HOME  |  NEWS  |  BLOGS  |  MESSAGES  |  FEATURES  |  VIDEOS  |  WEBINARS  |  INDUSTRIES  |  FOCUS ON FUNDAMENTALS
  |  REGISTER  |  LOGIN  |  HELP
Blogs
Blog

Patching for Industrial Cybersecurity Is a Broken Model

NO RATINGS
View Comments: Oldest First|Newest First|Threaded View
Page 1/2  >  >>
Rob Spiegel
User Rank
Blogger
Cyber vulnerabilities
Rob Spiegel   4/25/2013 6:08:54 AM
NO RATINGS
Now that plants are connected to EMS systems and supply chain partners, security has become a major issue. Gone are the days when the plant operated as an island. Talking to cyber security companies can make you dizzy with scenarios of attack both direct (from an enemy) or indirect (worms just floating around). 

apresher
User Rank
Blogger
Industrial Cybersecurity
apresher   4/25/2013 8:47:00 AM
NO RATINGS
Rob,  Security is definitely a critical, but solvable, problem.  This past week, there were massive attacks on websites using WordPress (popularized as a authoring/database solution for blogs). It's not an option to ignore security issues.

Charles Murray
User Rank
Blogger
Re: Industrial Cybersecurity
Charles Murray   4/25/2013 7:49:09 PM
NO RATINGS
Great post, Al. True cybersecurity is tough to provide, and we are often led to believe that it's much easier and more successful than it really is. 

rrietz
User Rank
Iron
Re: Cyber vulnerabilities
rrietz   4/26/2013 9:44:44 AM
NO RATINGS
For many years I have been on a free mailing list from Secunia.com  During the last week, I counted 11 vulnerability reports on wireless routers hitting my inbox.  I did not count Industrial Cyber Security vulnerabilities but the numbers are similar, if not higher.  It takes just a few seconds to scan the daily emails and zero in on products you are involved in.  Just being aware of the vulnerabilities is a great benefit to me in my job. 

If I were in charge, I would totally ban thumb drives on an ICS system and move all data, patches, firmeware updates, etc. through the network where it can at least be scanned for viruses and other 'scumware'.

GeorgeG
User Rank
Platinum
Re: Industrial Cybersecurity
GeorgeG   4/26/2013 10:00:36 AM
NO RATINGS
I've worked this patch and discovered several problems:

1) most software developers and IT geeks and even quite a few integrators are unaware of any of the basic principles of machine safety; as a consequence, a lot of software is developed which isn't just insecure but which violates basic safety standards and regulations. It's not uncommon to find software with 'features' that violate basic 'prevention of unexpected starup, and 'single point of control' precepts.

2) software developers are worst case offenders with unvalidated code releases (including the caustically named just released Friday 5.30 pm version 6.6.6), a cavilier attitude to version control and no respect for change authorization procedures. It's very common to find remote control capabilities that can be asserted without local authorization and without local indication as required by standards. Software guys will sureptitiously install code changes on a machine, altering it's basic behavior, an not alerting machine operators.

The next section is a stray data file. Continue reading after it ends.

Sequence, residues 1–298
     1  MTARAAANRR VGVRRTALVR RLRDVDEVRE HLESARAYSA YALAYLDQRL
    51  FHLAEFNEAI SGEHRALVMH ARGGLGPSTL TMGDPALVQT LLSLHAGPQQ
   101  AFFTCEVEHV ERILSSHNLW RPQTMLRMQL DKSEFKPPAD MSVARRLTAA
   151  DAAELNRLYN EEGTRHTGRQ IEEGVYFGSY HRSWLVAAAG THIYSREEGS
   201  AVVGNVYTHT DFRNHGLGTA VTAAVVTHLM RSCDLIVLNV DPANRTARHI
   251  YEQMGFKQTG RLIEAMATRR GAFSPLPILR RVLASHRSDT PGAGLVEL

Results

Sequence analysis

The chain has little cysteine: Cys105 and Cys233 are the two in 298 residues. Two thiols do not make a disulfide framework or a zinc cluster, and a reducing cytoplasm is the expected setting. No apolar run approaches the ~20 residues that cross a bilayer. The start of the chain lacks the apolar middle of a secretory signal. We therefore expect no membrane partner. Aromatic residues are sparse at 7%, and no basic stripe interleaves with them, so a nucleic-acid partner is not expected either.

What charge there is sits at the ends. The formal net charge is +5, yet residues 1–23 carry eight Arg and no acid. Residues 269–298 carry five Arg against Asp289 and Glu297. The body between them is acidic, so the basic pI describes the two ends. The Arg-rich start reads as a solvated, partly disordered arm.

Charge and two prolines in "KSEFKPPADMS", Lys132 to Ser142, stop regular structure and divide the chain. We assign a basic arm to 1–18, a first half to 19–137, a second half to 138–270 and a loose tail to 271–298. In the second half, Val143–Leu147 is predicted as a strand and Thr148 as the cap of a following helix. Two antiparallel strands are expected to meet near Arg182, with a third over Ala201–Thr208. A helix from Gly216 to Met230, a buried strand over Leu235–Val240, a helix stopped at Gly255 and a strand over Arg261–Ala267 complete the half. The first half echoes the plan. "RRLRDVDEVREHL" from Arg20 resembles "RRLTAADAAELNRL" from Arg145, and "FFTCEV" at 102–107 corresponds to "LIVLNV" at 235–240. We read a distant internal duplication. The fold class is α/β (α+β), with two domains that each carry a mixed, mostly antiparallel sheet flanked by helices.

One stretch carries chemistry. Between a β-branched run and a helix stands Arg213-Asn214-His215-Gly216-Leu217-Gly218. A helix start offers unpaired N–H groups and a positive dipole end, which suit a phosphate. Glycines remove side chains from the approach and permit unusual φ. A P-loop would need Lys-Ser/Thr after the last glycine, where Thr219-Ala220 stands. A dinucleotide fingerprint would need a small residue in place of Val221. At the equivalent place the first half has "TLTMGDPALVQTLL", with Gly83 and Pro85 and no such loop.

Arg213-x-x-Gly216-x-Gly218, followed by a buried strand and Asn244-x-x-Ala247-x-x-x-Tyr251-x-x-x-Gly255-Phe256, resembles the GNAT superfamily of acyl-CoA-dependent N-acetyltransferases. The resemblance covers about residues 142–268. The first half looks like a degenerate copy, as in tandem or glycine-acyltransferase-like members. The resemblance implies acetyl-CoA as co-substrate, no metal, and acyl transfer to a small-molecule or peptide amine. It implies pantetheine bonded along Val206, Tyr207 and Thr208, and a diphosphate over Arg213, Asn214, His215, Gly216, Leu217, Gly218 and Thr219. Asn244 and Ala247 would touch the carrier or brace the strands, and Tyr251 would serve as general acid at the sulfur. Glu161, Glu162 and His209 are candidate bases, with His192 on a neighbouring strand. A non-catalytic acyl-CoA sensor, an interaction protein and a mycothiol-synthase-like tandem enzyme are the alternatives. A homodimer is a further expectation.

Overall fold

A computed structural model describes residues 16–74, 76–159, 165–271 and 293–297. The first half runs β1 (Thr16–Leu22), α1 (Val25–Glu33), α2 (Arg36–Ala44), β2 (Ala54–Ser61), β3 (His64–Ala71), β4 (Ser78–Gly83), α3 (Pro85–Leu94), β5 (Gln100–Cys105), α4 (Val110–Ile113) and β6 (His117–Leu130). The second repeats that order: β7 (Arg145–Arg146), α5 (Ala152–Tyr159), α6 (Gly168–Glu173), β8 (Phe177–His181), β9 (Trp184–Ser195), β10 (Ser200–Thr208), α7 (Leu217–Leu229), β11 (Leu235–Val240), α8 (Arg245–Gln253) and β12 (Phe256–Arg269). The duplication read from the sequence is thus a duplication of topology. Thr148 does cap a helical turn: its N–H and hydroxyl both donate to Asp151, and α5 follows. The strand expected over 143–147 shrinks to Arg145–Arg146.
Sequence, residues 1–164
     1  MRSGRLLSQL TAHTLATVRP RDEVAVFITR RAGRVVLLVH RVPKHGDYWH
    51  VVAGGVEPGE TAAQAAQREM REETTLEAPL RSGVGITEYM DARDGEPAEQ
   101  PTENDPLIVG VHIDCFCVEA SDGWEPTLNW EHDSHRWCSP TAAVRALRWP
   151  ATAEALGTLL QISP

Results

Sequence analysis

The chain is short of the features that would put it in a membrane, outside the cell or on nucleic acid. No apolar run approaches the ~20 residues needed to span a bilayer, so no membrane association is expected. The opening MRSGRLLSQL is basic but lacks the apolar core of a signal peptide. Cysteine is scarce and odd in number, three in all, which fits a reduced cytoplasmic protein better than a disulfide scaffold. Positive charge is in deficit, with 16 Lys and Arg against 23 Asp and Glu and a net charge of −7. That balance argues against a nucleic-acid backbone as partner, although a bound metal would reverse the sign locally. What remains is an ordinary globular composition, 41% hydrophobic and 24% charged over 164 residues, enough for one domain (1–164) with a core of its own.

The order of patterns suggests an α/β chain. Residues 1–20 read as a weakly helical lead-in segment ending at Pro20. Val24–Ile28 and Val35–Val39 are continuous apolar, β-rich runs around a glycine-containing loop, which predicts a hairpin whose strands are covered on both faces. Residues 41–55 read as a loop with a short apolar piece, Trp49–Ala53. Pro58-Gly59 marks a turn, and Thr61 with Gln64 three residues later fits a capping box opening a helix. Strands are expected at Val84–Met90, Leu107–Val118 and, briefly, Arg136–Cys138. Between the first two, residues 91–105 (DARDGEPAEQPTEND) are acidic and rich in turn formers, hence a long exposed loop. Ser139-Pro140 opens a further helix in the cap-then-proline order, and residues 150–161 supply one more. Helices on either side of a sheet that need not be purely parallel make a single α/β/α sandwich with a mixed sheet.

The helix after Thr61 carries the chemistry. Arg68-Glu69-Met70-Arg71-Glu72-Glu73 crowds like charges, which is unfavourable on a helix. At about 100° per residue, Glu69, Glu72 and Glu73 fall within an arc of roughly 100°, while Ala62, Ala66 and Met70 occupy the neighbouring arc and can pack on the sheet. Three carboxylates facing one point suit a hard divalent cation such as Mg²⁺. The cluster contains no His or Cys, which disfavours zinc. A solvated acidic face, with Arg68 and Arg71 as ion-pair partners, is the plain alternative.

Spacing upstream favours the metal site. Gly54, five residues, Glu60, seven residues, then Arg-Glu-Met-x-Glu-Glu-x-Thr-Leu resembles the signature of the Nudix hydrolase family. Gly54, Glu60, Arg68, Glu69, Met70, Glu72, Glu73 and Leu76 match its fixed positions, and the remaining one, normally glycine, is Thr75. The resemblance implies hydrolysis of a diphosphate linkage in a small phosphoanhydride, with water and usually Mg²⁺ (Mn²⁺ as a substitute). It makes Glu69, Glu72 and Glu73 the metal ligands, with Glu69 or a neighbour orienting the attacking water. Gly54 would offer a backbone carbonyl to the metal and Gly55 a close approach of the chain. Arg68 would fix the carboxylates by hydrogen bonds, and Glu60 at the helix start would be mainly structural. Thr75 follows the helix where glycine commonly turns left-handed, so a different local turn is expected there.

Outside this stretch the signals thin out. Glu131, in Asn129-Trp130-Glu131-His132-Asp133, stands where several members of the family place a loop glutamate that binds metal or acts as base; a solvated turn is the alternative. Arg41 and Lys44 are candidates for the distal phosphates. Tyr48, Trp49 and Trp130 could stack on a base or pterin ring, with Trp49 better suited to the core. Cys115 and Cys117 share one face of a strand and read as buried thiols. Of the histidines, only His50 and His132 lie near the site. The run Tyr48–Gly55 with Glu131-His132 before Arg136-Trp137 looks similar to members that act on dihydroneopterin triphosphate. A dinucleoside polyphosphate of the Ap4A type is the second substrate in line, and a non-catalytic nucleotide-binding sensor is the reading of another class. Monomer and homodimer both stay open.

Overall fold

3) everyone only suspects the bogeyman when often the threat is quite unintended.  Egregious hobling of a distributed control system can be the result of simple network traffic - something as simple as a FICS system capturing batch stats. In one instance, the miscreant was just a central server advertising it's presence on the network by polling every node it could find until they all responded (97% of them had no need of the services offered) - every 200 milliseconds.

4) almost every FICS I've seen relies on it's ability to perform unsecured communication with control systems.

5) many front ends and HMIs on industrial systems use insecure and breakable OSs and, worse, either don't incorporate security defenses or update their security. On older systems, the primary security feature may be that the OS is unexpectedly old, hence obscure.

6) Many system integrators are too cheap and/or inept to even implement properly configured managed switches in their distributed control network (a very basic defence against congestion and means of ensuring maximum latency)

7) many PLC vendors, are security atheists, and rely way too much on obscurity as a defence.

 

    

GeorgeG
User Rank
Platinum
Re: Cyber vulnerabilities
GeorgeG   4/26/2013 11:16:16 AM
NO RATINGS
Integration with factory automation of one sort or another combined with more and more sophisticaed use of networks creates vulnerability. It's not uncommon for the local network to carry real time control functions including servo motor control and process sensor traffic including image streams. Network congestion is also a threat. Control systems are also trending towards data driven / object oriented approaches which moves control from logic to data management, which creates a whole new class of vulnerabilities (while being extrodinarily advantageous in terms of ease of integration and implementing process diagnostics).

But there's also a kind of philosophical disconnect when it comes to security. There are two approaches 1) rigourously validated well documented and published security methods, 2) secret unpublished methods. The latter is espoused by many large software providers and provides a commercial revenue stream for a number of commercial concerns. The problem with the latter approach is that system integrators end up installing security systems whose workings they don't understand. But, getting back to Rob's comments, you then end up with interoperating systems on a factory network that use different, often incompatible and proprietary security schemes. Make no mistake, creating the semblence of security is lucrative business; this is  a risk in it's own right: it breeds complacency, yet it's nearly impossible to get a guarantee from an OS provider or a security software provider that you won't be hacked.